All available data from SU8118 suggest that advected high-latitude water transported icebergs that melted in the Iberian margin and released fine-grained detrital material. However, several differences are observed between the various proxies measured, particularly for events H2a (high MS but lack of IRD and C37:4) and H3 (lack of IRD but high C37:4 and MS). These peculiar signatures could be explained if icebergs did not transport the same amount of IRD during all phases of H events. This may indicate that there were multiple origins of ice during the surge events, such as from different parts of the Laurentide Ice Sheet or even from other sources such as the Fennoscandian Ice Sheet. The observed complexity may also be related to the size fraction of IRD: in distal layers, remote from all glacial sources, part of the mineralogical signal is carried by relatively fine detrital particles which would be expressed in the MS but not in the IRD counts (>150 μm).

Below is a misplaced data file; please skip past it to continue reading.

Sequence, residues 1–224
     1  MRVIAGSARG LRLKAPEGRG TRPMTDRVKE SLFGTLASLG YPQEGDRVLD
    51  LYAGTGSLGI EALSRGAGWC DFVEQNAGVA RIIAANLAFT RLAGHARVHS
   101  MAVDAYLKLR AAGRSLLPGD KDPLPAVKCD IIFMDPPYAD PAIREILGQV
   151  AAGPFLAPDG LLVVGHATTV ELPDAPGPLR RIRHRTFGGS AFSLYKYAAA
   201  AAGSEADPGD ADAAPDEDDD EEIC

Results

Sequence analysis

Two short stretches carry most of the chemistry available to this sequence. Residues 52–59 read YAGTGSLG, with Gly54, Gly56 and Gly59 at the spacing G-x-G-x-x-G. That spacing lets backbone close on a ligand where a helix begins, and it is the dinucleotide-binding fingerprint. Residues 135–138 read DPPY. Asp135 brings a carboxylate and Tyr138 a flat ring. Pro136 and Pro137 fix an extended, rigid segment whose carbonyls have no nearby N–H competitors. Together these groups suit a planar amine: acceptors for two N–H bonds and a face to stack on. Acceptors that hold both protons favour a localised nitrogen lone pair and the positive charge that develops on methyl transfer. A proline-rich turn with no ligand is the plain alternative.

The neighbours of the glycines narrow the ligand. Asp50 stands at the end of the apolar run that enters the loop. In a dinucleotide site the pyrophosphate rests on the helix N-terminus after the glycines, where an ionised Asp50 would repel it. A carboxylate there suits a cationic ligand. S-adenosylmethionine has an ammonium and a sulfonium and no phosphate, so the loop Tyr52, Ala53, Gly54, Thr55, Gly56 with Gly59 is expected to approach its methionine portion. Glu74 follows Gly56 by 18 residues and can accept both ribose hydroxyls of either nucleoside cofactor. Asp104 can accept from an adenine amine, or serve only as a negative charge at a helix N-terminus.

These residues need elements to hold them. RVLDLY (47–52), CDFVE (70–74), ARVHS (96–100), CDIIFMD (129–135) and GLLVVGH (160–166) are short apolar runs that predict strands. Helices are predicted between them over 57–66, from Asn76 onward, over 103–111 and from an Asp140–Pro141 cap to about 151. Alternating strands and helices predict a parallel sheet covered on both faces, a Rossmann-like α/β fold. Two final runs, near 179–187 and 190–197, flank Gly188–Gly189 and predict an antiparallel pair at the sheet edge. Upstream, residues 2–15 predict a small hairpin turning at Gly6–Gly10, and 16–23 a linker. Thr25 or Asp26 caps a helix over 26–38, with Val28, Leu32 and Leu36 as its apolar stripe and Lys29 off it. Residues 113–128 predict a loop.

Several authors recognized that H3 presents some unusual features compared to other H events (14, 33). Gwiazdaet al. (33) even proposed that, when it is present, the IRD concentration peak could be due to a lack of foraminifera caused either by dissolution or low primary productivity, and they concluded that the iceberg discharge melted mostly in the western basin of the North Atlantic. The absence in core SU8118 of an IRD peak during H3 would be compatible with this theory, but the C37:4, SST, and MS records strongly suggest that meltwater reached the eastern basin of the North Atlantic during this period. Independent evaluation of salinity changes may also be possible from the simultaneous analyses of Mg/Ca and δ18O in the same shells of planktonic foraminifera (34).

  • * To whom correspondence should be addressed. E-mail: bard{at}cerege.fr